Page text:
VARIOUS – From Here: English Folk Field Recordings (From Here Sitw005)

From HereThey may be newcomers to the scene, but Stick In The Wheel are certainly making their mark, not just with their own recordings and associated artifacts, but in their involvement with the folk world in general, and the traditional in particular.

Band members Ian Carter and Nicola Kearey serve as curators, collaborators and producers for this collection of new live recordings by both the great and good and some of the lesser known luminaries in the genre. The remit for those involved was to record songs that explored either place or their musical identity, culminating in a gathering of field recordings captured in locations as diverse as a stone cottage in Edale, a bank vault and a garden at Robin Hood’s Bay using just two stereo microphones and with no subsequent overdubs.

As you would imagine, the tracks are stark and raw, first up being ‘Bedfordshire May Carol’, chosen by performer Jack Sharp, leader of psych-folk outfit Wolf People, as it supposedly originated just a few miles from where he grew up. Next up, Eliza Carthy leads a flurry of more familiar names with a self-penned number, ‘The Sea’, a new setting of the broadside ballad found in Manchester’s Chetham Library and featuring on her current album, the initial pizzicato fiddle giving way to more robust playing. She’s followed by one of the veterans of English folk, John Kirkpatrick, applying his accordion to a song from his lengthy repertoire and a folk club staple ‘Here’s Adieu To Old England’, while his sometimes musical partner, Martin Carthy, also chose a number he’s recently reintroduced back into his sets, ‘The Bedmaking’, a familiar tale of the abused and cast aside servant girl. fingerpicked here to a halting rhythm.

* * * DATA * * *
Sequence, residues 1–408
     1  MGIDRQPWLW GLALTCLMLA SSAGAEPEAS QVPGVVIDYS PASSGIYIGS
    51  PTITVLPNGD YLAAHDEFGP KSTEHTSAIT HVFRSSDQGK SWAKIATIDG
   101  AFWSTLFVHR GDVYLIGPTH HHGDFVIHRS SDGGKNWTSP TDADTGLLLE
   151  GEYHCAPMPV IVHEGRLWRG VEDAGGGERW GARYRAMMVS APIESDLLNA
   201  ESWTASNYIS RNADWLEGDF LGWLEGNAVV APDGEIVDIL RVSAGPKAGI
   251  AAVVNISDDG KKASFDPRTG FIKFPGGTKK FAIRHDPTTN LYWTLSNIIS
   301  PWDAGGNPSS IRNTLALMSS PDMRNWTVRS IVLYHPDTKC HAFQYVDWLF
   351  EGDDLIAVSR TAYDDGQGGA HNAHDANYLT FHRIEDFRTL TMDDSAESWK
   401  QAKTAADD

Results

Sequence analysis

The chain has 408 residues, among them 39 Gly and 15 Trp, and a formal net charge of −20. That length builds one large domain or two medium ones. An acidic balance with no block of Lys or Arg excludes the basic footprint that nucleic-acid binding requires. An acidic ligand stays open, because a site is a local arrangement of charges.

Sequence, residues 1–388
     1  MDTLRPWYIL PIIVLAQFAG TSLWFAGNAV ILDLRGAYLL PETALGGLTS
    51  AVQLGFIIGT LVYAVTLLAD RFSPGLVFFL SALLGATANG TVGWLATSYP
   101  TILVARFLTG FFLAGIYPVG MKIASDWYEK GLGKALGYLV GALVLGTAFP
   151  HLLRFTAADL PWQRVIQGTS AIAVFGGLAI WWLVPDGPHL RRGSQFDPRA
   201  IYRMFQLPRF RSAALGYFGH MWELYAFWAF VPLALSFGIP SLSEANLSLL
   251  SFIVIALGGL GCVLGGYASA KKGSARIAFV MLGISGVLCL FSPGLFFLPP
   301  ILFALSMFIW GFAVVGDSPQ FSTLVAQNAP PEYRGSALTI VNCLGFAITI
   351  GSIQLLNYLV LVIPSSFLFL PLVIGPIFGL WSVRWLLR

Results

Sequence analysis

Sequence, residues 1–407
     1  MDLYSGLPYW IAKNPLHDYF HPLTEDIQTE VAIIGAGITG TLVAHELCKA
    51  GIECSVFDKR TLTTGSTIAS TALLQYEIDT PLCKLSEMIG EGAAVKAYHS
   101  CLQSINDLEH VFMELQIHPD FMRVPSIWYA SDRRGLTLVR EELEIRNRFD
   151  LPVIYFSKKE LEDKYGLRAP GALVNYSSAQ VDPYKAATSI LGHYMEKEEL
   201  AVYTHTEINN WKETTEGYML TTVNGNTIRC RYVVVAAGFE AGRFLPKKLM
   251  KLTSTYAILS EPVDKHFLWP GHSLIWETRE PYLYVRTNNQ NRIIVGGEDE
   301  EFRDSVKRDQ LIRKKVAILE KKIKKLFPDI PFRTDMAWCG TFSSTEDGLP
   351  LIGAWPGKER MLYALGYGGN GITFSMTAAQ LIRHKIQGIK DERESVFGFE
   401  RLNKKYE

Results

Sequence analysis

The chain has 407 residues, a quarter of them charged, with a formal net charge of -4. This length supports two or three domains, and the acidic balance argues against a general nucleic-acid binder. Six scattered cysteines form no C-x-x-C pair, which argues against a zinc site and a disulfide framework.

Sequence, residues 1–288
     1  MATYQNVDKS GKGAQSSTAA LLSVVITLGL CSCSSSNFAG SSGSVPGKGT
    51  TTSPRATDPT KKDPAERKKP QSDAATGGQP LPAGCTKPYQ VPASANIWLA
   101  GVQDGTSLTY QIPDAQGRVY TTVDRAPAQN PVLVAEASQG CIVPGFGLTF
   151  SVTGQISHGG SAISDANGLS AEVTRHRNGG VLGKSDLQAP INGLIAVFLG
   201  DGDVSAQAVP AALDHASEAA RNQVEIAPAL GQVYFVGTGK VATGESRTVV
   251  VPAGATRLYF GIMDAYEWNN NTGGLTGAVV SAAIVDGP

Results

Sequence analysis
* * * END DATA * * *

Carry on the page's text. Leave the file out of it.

Sandwiched in-between is one of the rising stars of the few folk firmament, the Peak District’s Bella Hardy, who went to 19th century collection The Ballads and Songs of Derbyshire for ‘The Ballad of Hugh Stenson’, setting it to a more upbeat tune than the hymnal adapted by Jon Tams, while, another member of folk royalty, Jon Boden puts his squeezebox to work on a contemplative take on 19th century drinking song ‘Fathom The Bowl’.

There’s a couple of spokes from the Wheel, both unaccompanied, Kearey delivering glottal version of the much covered ‘Georgie’ and Fran Foote ‘The Irish Girl’. They’re not the only numbers to be sung naked as it were. BritFolk alumnus Lisa Knapp has a lovely treatment of the tumblingly melodious ‘Lavender Song’, while, also from the female side, Fay Hield tips the hat to Annie Briggs with her choice of ‘Bonny Boy’.

On the other side of a capella gender fence, Geordie folkie Stew Simpson mines his Newcastle roots for ‘Eh Aww Ah Cud Hew’ (which the accompanying booklet helpfully translates as “Oh Yes, I Could Pick At The Coals”), Sam Lee turns the evergreen ‘Wild Rover’ on its head to transform it into a slow, sad lament rather than more familiar rollicking rouser of Dubliners and Pogues note, and, from Wales, a deep-voiced Men Diamler closes the album with ‘1848 (Sunset Beauregard)’, a self-penned political protest ballad about Tory policies. The remaining unaccompanied track is actually a duet, Peta Webb and Ken Hall joining voices for an Irish in London in the 50s marriage of Ewan MacColl’s ‘Just A Note’, about the building of the M1, and Bob Davenport’s account of the dangers of ‘Wild Wild Whiskey’.